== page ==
Happy Release Day, Erin!
***Review at End of Post***
My heart isn’t my own.
And I don’t mean romantically.
Six months ago, I had a heart transplant. Now I’m learning to live again with someone else’s heart beating in my chest. My scars both inside and out haunt my every waking moment.
Then I meet Rhys, the tattooed Yank that finds himself transplanted to my Southern hometown. Even though he’s haunted by his own scars, he’s determined to show me how to embrace my second chance at life.
I’m not sure if I can give someone my heart when it wasn’t mine to begin with.
And neither of our hearts will survive rejection.
A standalone NA contemporary romance coming February 2016.
AMAZON * AMAZON UK
AMAZON CA * AMAZON AU
Sci-fi junkie, video game nerd, and wannabe manga artist Erin Hayes writes a lot of things. Sometimes she writes books, like the fantasy mystery novel Death is but a Dream, the sci-fi middle grade book Jacob Smith is Incredibly Average, and the Her Wolf paranormal series.
She works as an advertising copywriter during the day, and she moonlights as an author. She has lived in New Zealand, Texas, and now in Birmingham, Alabama with her husband, cat, and a growing collection of geek paraphernalia.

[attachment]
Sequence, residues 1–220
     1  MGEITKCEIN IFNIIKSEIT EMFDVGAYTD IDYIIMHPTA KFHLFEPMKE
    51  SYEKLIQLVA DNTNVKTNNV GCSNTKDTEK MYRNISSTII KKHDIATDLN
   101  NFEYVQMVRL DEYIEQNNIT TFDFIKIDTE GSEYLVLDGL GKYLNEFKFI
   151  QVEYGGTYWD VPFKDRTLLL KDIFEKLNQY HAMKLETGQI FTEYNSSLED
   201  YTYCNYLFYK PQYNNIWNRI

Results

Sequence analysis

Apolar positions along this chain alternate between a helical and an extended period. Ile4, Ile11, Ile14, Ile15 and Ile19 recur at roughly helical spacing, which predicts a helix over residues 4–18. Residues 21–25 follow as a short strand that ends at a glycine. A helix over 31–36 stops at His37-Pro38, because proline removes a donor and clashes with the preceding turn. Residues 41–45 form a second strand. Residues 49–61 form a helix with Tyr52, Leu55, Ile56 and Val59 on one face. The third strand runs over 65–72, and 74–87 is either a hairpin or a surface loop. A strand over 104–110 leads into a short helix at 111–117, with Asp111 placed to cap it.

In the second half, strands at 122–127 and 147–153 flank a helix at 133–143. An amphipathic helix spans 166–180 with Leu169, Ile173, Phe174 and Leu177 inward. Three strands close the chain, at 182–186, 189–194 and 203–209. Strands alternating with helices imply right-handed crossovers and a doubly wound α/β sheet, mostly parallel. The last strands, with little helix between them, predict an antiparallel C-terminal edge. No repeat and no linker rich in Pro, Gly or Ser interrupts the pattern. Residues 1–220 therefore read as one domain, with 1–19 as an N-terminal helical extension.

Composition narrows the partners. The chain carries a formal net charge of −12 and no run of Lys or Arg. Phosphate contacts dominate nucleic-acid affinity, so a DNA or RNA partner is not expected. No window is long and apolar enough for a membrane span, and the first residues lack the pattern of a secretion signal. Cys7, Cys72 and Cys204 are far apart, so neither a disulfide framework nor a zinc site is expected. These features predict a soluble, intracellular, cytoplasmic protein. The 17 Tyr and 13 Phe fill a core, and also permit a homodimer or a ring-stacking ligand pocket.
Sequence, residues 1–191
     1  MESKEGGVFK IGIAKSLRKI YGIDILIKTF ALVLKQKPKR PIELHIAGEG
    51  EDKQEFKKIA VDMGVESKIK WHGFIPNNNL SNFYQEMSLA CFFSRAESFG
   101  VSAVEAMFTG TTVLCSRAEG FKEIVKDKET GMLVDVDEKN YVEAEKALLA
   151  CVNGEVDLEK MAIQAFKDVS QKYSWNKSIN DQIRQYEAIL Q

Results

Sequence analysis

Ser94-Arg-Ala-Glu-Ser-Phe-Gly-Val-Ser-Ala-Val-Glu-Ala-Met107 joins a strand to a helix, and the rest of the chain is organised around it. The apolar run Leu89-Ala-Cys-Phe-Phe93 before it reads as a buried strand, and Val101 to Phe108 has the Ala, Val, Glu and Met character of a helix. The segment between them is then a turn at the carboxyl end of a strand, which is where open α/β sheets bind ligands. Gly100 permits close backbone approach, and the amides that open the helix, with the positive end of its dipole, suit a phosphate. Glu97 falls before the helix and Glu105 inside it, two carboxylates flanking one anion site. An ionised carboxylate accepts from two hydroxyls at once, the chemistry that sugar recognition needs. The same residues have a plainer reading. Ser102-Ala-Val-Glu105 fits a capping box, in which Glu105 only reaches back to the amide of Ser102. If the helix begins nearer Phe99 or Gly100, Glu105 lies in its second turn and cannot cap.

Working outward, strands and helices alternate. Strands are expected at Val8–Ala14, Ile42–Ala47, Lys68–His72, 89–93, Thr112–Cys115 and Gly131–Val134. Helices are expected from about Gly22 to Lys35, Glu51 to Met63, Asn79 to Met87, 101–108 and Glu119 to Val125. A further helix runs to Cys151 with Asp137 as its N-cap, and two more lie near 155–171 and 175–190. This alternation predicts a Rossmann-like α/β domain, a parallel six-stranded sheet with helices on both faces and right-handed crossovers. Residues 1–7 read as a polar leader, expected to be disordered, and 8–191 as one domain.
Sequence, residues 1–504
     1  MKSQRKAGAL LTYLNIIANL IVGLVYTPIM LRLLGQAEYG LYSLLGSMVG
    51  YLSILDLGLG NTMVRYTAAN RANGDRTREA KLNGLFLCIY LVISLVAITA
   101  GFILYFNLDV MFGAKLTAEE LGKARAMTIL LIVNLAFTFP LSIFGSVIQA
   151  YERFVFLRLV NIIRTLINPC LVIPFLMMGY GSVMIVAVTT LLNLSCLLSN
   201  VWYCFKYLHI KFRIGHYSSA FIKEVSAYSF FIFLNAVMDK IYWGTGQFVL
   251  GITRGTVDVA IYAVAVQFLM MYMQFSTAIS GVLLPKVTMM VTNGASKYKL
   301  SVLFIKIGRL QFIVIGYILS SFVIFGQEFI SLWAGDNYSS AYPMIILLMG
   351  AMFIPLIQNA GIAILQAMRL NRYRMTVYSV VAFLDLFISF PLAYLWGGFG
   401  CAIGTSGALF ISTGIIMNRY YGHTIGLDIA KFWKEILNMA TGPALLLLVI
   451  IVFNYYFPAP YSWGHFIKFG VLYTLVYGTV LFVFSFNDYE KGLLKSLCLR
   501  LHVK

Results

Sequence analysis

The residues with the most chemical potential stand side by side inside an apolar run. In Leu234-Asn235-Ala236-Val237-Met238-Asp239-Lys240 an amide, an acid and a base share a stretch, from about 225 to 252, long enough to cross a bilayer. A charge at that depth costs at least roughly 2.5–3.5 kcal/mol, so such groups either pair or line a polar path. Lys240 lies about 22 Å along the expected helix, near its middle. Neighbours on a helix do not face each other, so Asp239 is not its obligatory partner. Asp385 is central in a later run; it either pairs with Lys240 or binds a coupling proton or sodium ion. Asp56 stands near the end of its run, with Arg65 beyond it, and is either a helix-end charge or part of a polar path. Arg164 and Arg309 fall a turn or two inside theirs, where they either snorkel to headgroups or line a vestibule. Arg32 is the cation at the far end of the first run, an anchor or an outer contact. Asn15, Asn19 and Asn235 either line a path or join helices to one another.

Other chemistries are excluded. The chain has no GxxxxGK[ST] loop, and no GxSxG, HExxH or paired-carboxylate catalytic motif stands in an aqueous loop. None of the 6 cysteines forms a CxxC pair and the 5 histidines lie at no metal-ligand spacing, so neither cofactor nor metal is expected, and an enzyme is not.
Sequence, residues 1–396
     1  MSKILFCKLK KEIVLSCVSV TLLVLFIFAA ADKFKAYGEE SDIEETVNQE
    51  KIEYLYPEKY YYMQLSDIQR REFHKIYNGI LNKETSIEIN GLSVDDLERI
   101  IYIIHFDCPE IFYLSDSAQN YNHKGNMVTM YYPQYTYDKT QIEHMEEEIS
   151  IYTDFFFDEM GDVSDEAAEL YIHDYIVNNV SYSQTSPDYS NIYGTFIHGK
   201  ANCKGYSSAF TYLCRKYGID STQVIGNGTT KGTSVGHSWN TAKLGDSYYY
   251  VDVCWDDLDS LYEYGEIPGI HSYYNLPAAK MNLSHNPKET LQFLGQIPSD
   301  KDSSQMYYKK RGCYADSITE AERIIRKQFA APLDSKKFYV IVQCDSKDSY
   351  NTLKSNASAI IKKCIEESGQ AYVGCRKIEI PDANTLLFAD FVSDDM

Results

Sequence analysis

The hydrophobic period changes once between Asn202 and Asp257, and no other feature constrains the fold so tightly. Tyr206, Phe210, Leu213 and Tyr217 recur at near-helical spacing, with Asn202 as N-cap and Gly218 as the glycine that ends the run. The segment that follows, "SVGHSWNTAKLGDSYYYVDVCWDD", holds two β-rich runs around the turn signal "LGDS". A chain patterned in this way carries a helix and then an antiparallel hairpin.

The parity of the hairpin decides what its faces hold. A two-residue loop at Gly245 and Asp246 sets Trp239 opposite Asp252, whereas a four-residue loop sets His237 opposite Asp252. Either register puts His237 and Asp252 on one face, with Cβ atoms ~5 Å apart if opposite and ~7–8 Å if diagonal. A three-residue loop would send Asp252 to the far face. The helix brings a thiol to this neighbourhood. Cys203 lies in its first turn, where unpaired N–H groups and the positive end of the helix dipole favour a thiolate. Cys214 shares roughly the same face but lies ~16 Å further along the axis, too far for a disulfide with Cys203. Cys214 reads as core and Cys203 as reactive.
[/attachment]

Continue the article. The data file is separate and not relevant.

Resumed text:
You can reach her at email@example.com and she’ll be happy to chat. Especially if you want to debate Star Wars.
At the young age of twenty-one, Birmingham artist Becks – or Rebecca – Wells is living with a new lease on life. The only catch? She’s using someone else’s heart. As a post-heart transplant survivor, Becks is learning how to live again.
Somewhere on the other side of the Alabama city, a tattooed, rough-around-the-edges Rhys Young is also getting settled in a new life, living with his Gramps and taking care of his half-sister. Until a chance encounter with Becks ignites a yearning he can’t ignore.
In alternating first person points of view, Erin Hayes does a wonderful job of weaving this romantic story from Rhys to Becks and back again. Rhys is a great motorcycle-riding knight in a shining armor. In characterizing Becks, Hayes does a superb job of highlighting the long-term attention and medical care required by any patient that receives an organ transplant, as well as the unexpected results of survivor guilt.
I applaud Hayes for her attention to detail, her dedication to expressing the struggle as it can be, and for not shying away what can be a delicate subject matter. Her writing is smooth and easy to follow. This was a superb, highly recommended read.
Some steamy scenes and four letter language